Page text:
The Tipping Point

Malcolm Gladwell is a man who lies for money. Actually, I do not know that. In fact, if I was to guess, I would guess that he geniunely believes what he writes. I however, am far more skeptical about the claims he makes.

Take for example the 10,000 hours rule. This is based on a study done by Anders Ericsson. Ericsson however, does not agree with Gladwell. In fact in 2012 he wrote an entire paper on it entitled “The Danger of Delegating Education to Journalists”. Gladwell’s response? To claim that Ericsson has wrongly interpreted his own study.

Approaching with a sensible amount of skepticism then, I took on Gladwell’s book The Tipping Point: How Little Things Can Make a Big Difference.

The first section talks about the law of the few. This explains how a few key individuals (such as connectors who are people that know everybody, and mavens who know lots of information on say supermarket prices) are the key to many things in our society. He cites the popular idea of the six degrees of Kevin Bacon where you can connect almost all actors to each other through Kevin Bacon.

He then talks about stickiness. How sticky in the message? He cites an example of a leaflet telling students to get a tetanus shot. It turned out that it did not matter how many horrible photos and descriptive language they used in the leaflets – the percentage of students actually going and getting the shots remained at 3%. Yet when they included a map and opening times of the on-campus health centre, this rose to 28%, even though all the students must have known where the health centre was.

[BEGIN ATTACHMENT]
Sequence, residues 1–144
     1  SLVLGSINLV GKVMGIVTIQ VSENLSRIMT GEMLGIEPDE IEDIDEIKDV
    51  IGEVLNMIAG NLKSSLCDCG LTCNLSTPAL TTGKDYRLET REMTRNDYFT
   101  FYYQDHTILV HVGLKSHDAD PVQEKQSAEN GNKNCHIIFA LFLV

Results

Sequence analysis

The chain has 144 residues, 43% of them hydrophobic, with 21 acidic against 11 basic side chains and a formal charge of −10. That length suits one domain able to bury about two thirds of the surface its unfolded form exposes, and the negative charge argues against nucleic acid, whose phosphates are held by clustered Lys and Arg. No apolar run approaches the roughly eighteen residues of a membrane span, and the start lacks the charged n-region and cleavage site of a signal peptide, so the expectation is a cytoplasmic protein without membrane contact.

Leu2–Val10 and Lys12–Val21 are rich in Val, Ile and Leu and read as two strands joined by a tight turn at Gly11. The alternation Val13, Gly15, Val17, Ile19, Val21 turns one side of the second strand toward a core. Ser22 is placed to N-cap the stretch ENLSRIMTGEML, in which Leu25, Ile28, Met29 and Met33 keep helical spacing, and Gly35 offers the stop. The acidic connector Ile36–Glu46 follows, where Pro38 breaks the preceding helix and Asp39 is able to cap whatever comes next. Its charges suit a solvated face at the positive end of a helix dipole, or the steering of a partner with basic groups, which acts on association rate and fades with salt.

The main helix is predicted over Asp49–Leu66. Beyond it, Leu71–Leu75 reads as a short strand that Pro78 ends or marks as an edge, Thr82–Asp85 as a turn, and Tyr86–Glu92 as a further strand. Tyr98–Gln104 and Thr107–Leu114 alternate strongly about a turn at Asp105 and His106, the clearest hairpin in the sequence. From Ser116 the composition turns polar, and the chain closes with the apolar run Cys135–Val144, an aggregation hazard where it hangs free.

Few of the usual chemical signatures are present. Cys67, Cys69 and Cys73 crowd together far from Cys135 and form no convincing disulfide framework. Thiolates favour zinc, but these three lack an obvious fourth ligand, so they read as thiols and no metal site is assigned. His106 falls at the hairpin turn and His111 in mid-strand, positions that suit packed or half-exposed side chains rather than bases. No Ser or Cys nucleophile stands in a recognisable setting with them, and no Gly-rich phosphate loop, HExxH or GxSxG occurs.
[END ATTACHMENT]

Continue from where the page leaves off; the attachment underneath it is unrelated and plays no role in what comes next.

In the third section, he goes on to talk about the power of context. Quoting the example of the drastic crime drop in New York City, he espouses the broken window theory. This is the idea that if you leave a broken window people will think nobody cares about the area and crime will increase, whereas if you fix it right away people will see people care and stop committing crime.

There are some strong rebuttals to what Gladwell writes however.

In the case of the law of the few, Gladwell cites a Milgram experiment where he had people send on packages to try and get to someone in a different city. He found that most packages made it, and most of them went through a few key individuals. Gladwell calls these people connectors. However, when Duncan Watts, author of Everything is Obvious, replicated the study, he found that connectors were not important.

In the case of the broken windows theory, this was one of the case studies in Freakonomics, in which the books shows that while everyone in New York was patting themselves on the back for their brilliant new policing strategy that was cutting crime, what had actually happened was that two decades ago they had legalised abortion, and now all the would-be criminals were simply never being born.




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This entry was posted on Saturday, November 1st, 2014 at 11:13 am and is filed under Books. You can follow any responses to this entry through the RSS 2.0 feed. Both comments and pings are currently closed.